As prescribed by Paulina Constancia

Snakes & Ladders 4: The Mythical & Natural in the Mekong and the Amazon

Today we look at snakes and ladders, the mythical and the natural in two of the world’s greatest rivers – the Mekong and the Amazon.

Mythical SNAKES

of the Mekong

“The Phaya Naga (Thai: พญานาค) are nāga, mythical serpent-like creatures, believed by locals to live in the Mekong river or estuaries. Some have tried to explain sightings as oarfish, elongate fish with red crests; however these are exclusively marine and usually live at great depths. People in both Laos and Thailand attribute the naga fireballs to these creatures.” via Wikipedia

Read more about Naga mythology


Phaya Naga
Image source


King of Naga
Art by Victorior on Deviantart

“Naga, in Hinduism and Buddhism, is the Sanskrit word for a deity taking the form of a great snake, specifically the multi-headed king cobra. The traditions about nagas are common in all the Buddhist countries in Asia. In many countries, the concept of naga has merged with local traditions of many great and wise serpents.”  Read more on burmese-art

And here’s more —
Naga fireball – a.k.a. “Mekong lights” – glowing balls are alleged to naturally rise from the water high into the air. The balls are said to be reddish and to have diverse sizes from smaller sparkles up to the size of basketballs. To the locals – it’s the Naga spitting fireballs but to some individuals attempting to explain the phenomenon – the fireball is a result of flammable phosphine gas generated by the marshy environment. The fireballs are most often reported around the night of Wan Ok Phansa at the end of the Buddhist Lent in late October. Read more on wikipedia

Bangkok scoop says, “Many Thais, especially rural villagers, maintain a strong faith and it is a significant religious event to pay respect to the river and to the Naga. For all involved, every time the red-pink Naga Fireballs bursts upwards the people will greet it with joyous cheers. For centuries, their existence was a closely-held secret among villagers living near the northeastern town of Nong Khai. Then, the miraculous event was discovered by outsiders who now flock to the riverbanks each October full moon night in enormous numbers—400,000, at last count.” See images and learn more on bangkok scoop


of the Amazon

Yacumama– literally “spirit mother of the water”, in Quechua (via elmundomagico)
“In the mythology of the indigenous people of South America, the yacu-mama is a sea monster, fifty paces long, believed to inhabit the mouth of the Amazon River and the nearby lagoons. The Yacumama is believed to be the mother of all creatures of the water. According to the legend, the yacu-mama would suck up any living thing that passed within 100 paces of it. To protect themselves, the local Indians would blow on a conch horn before entering the water, believing that the yacu-mama would reveal itself if it was present. It is sometimes believed to be a giant snake the “Giant Anaconda” or caecilian known as Minhocão.” via Wikipedia


Painting by artist-ayahuascero (shaman) Pablo Amaringo
“The yakumamas are portrayed guarding the gates of a golden city…” Read more


“The three powers”
Another painting by the artist-shaman Pablo Amaringo, of one of his visions.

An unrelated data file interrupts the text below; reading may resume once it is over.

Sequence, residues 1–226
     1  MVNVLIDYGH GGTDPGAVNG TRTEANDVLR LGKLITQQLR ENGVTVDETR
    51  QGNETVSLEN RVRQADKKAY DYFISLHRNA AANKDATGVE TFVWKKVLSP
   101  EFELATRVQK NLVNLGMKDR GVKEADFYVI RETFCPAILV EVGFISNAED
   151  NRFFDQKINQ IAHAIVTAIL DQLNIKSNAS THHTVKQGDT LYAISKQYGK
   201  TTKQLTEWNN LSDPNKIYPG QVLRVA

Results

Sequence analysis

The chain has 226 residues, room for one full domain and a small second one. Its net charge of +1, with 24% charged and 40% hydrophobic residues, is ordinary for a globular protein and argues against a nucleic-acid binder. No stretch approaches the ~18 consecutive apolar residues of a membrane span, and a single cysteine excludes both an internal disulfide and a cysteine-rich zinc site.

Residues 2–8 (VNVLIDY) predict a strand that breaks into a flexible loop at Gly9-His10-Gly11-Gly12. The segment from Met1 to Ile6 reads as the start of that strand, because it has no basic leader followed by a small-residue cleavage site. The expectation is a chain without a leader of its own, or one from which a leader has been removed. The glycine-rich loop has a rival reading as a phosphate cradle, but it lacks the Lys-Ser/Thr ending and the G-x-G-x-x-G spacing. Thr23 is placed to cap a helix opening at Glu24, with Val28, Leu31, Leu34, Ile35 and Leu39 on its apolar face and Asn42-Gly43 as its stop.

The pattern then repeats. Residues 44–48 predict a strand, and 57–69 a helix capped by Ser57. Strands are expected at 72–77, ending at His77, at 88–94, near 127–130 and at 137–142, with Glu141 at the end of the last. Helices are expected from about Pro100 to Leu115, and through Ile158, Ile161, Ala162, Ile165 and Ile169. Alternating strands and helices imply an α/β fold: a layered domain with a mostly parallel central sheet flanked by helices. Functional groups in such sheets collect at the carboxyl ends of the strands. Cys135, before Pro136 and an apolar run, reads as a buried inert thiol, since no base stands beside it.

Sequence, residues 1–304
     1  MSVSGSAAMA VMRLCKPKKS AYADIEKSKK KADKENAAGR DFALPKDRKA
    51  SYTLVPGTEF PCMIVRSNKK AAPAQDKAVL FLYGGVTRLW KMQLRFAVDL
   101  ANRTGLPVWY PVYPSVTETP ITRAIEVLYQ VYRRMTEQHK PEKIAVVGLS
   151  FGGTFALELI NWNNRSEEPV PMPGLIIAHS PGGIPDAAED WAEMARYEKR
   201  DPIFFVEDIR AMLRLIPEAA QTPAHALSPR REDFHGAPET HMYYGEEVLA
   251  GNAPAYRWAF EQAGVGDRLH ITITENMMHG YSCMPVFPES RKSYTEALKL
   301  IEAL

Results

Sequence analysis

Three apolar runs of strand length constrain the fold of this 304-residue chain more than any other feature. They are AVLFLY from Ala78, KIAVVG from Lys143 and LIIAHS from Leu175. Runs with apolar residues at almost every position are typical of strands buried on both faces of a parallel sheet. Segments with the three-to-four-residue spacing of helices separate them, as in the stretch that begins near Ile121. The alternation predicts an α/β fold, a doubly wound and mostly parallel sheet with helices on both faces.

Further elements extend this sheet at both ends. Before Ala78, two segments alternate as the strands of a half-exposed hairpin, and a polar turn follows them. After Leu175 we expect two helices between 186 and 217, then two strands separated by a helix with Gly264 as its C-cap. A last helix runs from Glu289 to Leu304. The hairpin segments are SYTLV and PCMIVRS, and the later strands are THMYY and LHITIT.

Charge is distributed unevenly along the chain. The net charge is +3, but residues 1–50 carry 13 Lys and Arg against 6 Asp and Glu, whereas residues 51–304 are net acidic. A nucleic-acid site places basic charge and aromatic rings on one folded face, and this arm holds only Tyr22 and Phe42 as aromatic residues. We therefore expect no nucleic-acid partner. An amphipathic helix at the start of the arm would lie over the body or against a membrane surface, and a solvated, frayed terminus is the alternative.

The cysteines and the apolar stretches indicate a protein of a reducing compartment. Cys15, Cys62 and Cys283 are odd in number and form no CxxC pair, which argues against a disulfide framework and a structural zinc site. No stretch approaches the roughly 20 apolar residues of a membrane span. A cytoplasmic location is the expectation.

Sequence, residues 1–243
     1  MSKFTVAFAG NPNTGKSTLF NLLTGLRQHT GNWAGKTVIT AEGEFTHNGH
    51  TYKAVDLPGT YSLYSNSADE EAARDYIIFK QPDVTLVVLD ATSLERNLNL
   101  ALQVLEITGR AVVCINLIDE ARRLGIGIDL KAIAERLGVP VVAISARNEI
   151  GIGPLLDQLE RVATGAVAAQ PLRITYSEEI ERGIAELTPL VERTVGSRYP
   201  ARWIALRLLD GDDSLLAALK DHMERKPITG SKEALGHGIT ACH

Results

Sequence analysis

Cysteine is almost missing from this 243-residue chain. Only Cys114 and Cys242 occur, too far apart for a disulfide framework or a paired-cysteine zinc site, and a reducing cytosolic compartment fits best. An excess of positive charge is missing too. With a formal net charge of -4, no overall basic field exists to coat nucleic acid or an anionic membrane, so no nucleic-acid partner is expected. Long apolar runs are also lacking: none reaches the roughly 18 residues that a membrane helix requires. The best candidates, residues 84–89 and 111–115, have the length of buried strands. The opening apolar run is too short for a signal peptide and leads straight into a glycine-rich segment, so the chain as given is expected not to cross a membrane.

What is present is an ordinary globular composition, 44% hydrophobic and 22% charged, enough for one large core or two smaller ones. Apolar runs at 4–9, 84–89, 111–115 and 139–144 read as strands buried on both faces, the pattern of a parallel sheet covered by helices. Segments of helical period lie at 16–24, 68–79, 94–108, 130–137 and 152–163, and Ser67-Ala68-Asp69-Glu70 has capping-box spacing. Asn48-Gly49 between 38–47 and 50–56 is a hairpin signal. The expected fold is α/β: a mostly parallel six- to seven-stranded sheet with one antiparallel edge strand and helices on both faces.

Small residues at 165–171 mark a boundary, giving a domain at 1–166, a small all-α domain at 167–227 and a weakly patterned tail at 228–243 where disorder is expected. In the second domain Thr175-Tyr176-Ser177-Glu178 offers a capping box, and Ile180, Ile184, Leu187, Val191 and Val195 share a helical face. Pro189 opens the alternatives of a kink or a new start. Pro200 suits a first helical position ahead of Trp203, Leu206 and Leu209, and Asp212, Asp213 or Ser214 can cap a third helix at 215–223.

The top power is Wayramama, mother of the air; in the center is Yakumama, mother of the waters;
and at the bottom is Sach’amama, mother of the forest.”
Image via incaglossary

I  like the sense of mystery in the Mekong and the Amazon. In a way, the belief in the Naga and the Yacumama is a perfect way to ensure nature conservation. They are sort of Gods and guards of the natural treasures of the rivers.



Monkey LADDER Lianas
in the Mekong region and the Amazon forest

What are lianas?
“A liana is any of various long-stemmed, woody vines that are rooted in the soil at ground level and use trees, as well as other means of vertical support, to climb up to the canopy to get access to well-lit areas of the forest. Lianas are especially characteristic of tropical moist deciduous forests and rainforests, including temperate rainforests. There are also temperate lianas, for example the members of the Clematis or Vitis (wild grape) genera. Lianas can form bridges amidst the forest canopy, providing arboreal animals with paths across the forest. These bridges can protect weaker trees from strong winds. Lianas compete with forest trees for sunlight, water and nutrients from the soil. Well-known lianas include monkey ladder  and “water vine”, which can refer either to Cissus hypoglauca or to members of the genus Doliocarpus. ” Read more on wikipedia

“It’s easy to see how monkey ladder (Bauhinia guainensis) gets its name ­ the flattened profile with indentations that look like steps. It is used for handicrafts and has some medicinal uses. The genus Bauhinia is a large group, with species characterized by leaves that have the shape of a cloven hoof.” via jungle photos

As evidenced by these ladder-like growths in the rainforests of Thailand and the Amazon, Nature is indeed the best designer. – P.C., DDoA

Monkey Ladder Lianas in a Thai rainforest:


Monkey Ladder Lianas – Thai rainforest
Order print on shutterstock

Lianas in the Amazon rainforest:


Monkey Ladder Liana by Jamesnicky
From Parque Nacional Madidi – Amazon Basin
Image via tripwow

So do… as the river dwellers of the Mekong and the Amazon, treat the river with great reverence and gratitude for its bounty & mystery.



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This entry was posted on October 23, 2014 by in Create, Imagine and tagged , .
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